June and July were busy. Two trips to California and I’ve only been back less than a week from the last one. I had a few days of work and took a few days to just take it easy and see some of the coastline of California. One afternoon was spent on the Pacific Coast Highway north of Los Angeles. Then it was off to San Diego, a beautiful coastal city on the border of southern California and Mexico.

San Diego is home to the Pacific Fleet and there was no shortage of things to see in the harbour. Below is the USS Nimitz, a nuclear powered aircraft carrier anchored at the San Diego Naval Base. The USS Carl Vinson was anchored alongside.

© Bob Baillargeon - CVN-68 - USS NimitzThe ships were surrounded by floating buoys shaped like fat cigars – used to keep any boats away from the carriers – a precaution for all navy ships ever since the USS Cole was targeted and severely damaged in Yemen a few years ago. US Navy armed patrol ships continuously ply the waters near the naval ships guarding against intrusions.

The decommissioned USS Midway, named after the Battle of Midway, is anchored as a permanent museum in the harbour. She was launched in March of 1945 and she served in Korea, Vietnam and Operation Desert Storm. The Navy launched 228 sorties from Midway and Ranger (CV-61) in the Persian Gulf, from Theodore Roosevelt (CVN-71) en route to the Gulf, and from John F. Kennedy, Saratoga, and America in the Red Sea. Her flight deck is 4 acres in size.
© Bob Baillargeon - USS Midway 
© Bob Baillargeon - USS Midway Harbour Level
© Bob Baillargeon - USS Midway - Flight Deck The USS Midway is one large ship. It actually functioned as a small city so it had its own postal code. Naval engineering practices 60 years ago were quite advanced and subsequent refits over the years made it quite a modern carrier. Newer carriers have a 50 year life expectancy. The United States has 11 active aircraft carriers.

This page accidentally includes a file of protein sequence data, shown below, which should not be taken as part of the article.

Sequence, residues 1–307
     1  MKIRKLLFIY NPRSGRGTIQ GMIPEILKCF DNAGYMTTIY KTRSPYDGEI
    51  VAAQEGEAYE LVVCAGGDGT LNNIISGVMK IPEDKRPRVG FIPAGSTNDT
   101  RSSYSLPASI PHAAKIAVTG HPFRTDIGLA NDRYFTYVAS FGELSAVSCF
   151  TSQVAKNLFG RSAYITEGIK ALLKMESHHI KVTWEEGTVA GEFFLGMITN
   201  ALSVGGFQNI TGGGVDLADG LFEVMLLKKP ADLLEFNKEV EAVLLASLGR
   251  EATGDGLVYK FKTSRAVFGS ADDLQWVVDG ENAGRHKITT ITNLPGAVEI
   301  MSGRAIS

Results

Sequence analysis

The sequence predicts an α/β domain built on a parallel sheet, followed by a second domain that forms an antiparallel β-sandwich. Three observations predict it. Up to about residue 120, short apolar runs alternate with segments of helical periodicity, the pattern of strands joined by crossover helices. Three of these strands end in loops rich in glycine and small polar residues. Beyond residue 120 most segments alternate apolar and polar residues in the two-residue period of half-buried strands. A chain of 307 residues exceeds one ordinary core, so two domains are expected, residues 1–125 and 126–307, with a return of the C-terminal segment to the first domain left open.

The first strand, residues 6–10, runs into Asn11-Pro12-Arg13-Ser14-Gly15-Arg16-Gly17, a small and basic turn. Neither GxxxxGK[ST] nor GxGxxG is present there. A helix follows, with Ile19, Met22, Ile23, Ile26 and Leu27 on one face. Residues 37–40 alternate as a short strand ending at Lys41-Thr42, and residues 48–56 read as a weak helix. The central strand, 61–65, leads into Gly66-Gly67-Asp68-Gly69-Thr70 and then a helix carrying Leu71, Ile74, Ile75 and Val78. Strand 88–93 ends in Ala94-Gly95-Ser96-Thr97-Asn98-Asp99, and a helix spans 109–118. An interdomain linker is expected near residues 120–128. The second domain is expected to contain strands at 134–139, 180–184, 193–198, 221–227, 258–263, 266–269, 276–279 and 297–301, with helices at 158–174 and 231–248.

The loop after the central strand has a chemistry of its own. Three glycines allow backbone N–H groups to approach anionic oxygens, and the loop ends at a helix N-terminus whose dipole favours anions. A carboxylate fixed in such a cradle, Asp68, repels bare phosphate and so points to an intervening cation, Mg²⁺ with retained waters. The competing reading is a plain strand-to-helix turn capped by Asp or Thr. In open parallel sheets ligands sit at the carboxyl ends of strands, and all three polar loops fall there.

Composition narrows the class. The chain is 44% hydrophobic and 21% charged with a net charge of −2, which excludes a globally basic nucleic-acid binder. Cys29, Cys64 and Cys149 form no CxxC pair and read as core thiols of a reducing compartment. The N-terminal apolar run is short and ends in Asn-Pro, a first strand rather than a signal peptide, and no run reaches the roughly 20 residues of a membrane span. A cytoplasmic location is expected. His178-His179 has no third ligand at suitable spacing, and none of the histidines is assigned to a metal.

© Bob Baillargeon - USS Midway - hangar area below flight deck © Bob Baillargeon - Midway Flight Deck
© Bob Baillargeon - Radio Central - USS Midway Radio Comms center above (no ham shack here!). The main items that are visible are the three AN/USQ-69 data terminal sets with keyboard and CRT display, and an AN/UYK-20 computer.
© Bob Baillargeon - racks of R-1051B HF receiversRacks of R-1051B HF receivers in Comms Center 
© Bob Baillargeon - R-1051B Receiver© Bob Baillargeon - Command centerThis is the Command Center where the Commander and Officers watched Desert Storm play out on automated monitors – this was the ship’s nerve center. 

© Bob Baillargeon - HF antennas horizontal These are the outboard HF antennas in their horizontal positions on tiltable bases. There’s a set port and starboard.

© Bob Baillargeon - hf antennas vertical


Midway prepares to moor at her final resting place at Navy pier in San Diego where she was to become the largest museum devoted to carriers and naval aviation. (10 January 2004).

I also boarded a “Foxtrot” class Soviet submarine, B39, commissioned in the early 1970s. It was based on German WWII era U-boats. It had a crew of 78, was 300 feet in length and displaced 2000 tons. B39 was assigned to the Soviet Pacific fleet. I’m not sure how 78 sailors lived inside this sub for long period of time. I had a difficult time manoeuvring inside each compartment. Each compartment was accessible via a round porthole about 38 inches wide – you went in feet first and propelled yourself through it. The confined space was claustrophobic. They were extremely low tech but lethal and carried 24 torpedoes and some capable of low-yield nuclear warheads. They played a large part in the Cuban missile crisis and other cold war scenarios.

© Bob Baillargeon - Foxtrot Class Soviet Sub 70s B39 was Diesel-Electric – this design was even quieter than nuclear powered subs. They were used to track NATO and U.S. warship throughout the world’s oceans. See some interior shots here > B-39 Foxtrot-Class Diesel Submarine

So it was a great summer trip to California again. It’s an extremely beautiful state and the people of California are great. I’m headed out next month for a final visit this year.

© Bob Baillargeon - Sunset along the Pacific Coast HighwayTo those of you wondering what kind of camera I use it’s a Canon Powershot G10. I have a future article in the works on how I take and process my digital photos.

The Midway Museum